The UN Refugee Agency (UNHCR)

UNHCR works to protect and assist refugees everywhere.
Advocacy , Asylum and Migration , Cash-Based Interventions , Coordinating Assistance
Education , Ending Statelessness , Environment, Disasters and Climate Change , Innovation
Livelihoods , Protection , Public Health , Safeguarding Individuals , Shelter , Solutions

Figures at a Glance , Governance , History of UNHCR , Nansen Refugee Award
Prominent Supporters , Research and Evaluation , Resources and Publications
The High Commissioner , Where UNHCR Work , Who UNHCR Help


The UN Refugee Agency (UNHCR)
The Office of the United Nations High Commissioner for Refugees was established on December 14, 1950 by the United Nations General Assembly. The agency is mandated to lead and co-ordinate international action to protect refugees and resolve refugee problems worldwide. Its primary purpose is to safeguard the rights and well-being of refugees. It strives to ensure that everyone can exercise the right to seek asylum and find safe refuge in another State, with the option to return home voluntarily, integrate locally or to resettle in a third country. It also has a mandate to help stateless people.

Since 1950, the agency has helped tens of millions of people restart their lives. Today, a staff of more than 9,300 people in 123 countries continues to help and protect millions of refugees, returnees, internally displaced and stateless people.

The UN refugee agency emerged in the wake of World War II to help Europeans displaced by that conflict. Optimistically, the Office of the United Nations High Commissioner for Refugees was established on December 14, 1950 by the United Nations General Assembly with a three-year mandate to complete its work and then disband. The following year, on July 28, the United Nations Convention relating to the Status of Refugees - the legal foundation of helping refugees and the basic statute guiding UNHCR's work - was adopted.

By 1956 UNHCR was facing its first major emergency, the outpouring of refugees when Soviet forces crushed the Hungarian Revolution. Any expectation that UNHCR would become unnecessary has never resurfaced. In the 1960s, the decolonization of Africa produced the first of that continent's numerous refugee crises needing UNHCR intervention. Over the following two decades, UNHCR had to help with displacement crises in Asia and Latin America. By the end of the century there were fresh refugee problems in Africa and, turning full circle, new waves of refugees in Europe from the series of wars in the Balkans.

The start of the 21st Century has seen UNHCR helping with major refugee crises in Africa, such as the Democratic Republic of the Congo and Somalia, and Asia, especially the 30-year-old Afghan refugee problem. At the same time, UNHCR has been asked to use its expertise to also help many internally displaced by conflict. Less visibly, it has expanded its role in helping stateless people, a largely overlooked group numbering millions of people in danger of being denied basic rights because they do not have any citizenship. In some parts of the world, such as Africa and Latin America, the original 1951 mandate has been strengthened by agreement on regional legal instruments.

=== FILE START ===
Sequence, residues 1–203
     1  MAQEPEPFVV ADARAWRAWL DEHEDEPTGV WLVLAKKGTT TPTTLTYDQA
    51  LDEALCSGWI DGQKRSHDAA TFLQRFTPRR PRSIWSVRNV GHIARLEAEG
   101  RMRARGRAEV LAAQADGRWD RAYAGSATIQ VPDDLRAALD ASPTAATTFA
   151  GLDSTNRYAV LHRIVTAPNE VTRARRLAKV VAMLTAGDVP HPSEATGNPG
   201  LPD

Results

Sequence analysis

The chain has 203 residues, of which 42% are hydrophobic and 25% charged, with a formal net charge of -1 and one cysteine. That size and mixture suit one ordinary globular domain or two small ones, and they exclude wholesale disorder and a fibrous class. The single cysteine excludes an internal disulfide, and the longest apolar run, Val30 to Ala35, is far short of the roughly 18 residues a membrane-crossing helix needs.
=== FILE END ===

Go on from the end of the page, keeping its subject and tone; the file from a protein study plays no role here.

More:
In 1954, the new organization won the Nobel Peace Prize for its ground-breaking work in helping the refugees of Europe. Its mandate had just been extended until the end of the decade. More than a quarter century later, UNHCR received the 1981 award for what had become worldwide assistance to refugees, with the citation noting the political obstacles facing the organization. From only 34 staff members when UNHCR was founded, it now has more than 9,300 national and international members of staff, including over 1,050 in UNHCR's Geneva and Budapest Headquarters. The agency works in 125 countries, with staff based in 109 main locations such as regional and branch offices and 341 often remote sub-offices and field offices.

The budget has grown from US$300,000 in its first year to US$6.8 billion in 2015. At the start of 2014 there were more than 51 million uprooted people worldwide. In mid-2014, meanwhile, UNHCR was dealing with 46.3 million people of concern to the agency: 26 million internally displaced people, 13 million refugees, 1.7 million returnees, 3.5 million stateless people, more than 1.2 asylum-seekers and 752,000 other people of concern. An organization with a three-year mandate to solve the problem of refugees celebrated its 60th anniversary on 14 December 2010, aware that the humanitarian needs are unlikely to disappear. Since that landmark birthday, UNHCR has been faced with multiple crises in Africa and Europe.

An unprecedented 65.3 million people around the world have been forced from home.
Among them are nearly 21.3 million refugees, over half of whom are under the age of 18.
There are also 10 million stateless people who have been denied a nationality and access to basic rights such as education, healthcare, employment and freedom of movement.
In a world where nearly 34,000 people are forcibly displaced every day as a result of conflict or persecution, our work at UNHCR is more important than ever before.
How UNHCR gather data

UNHCR in India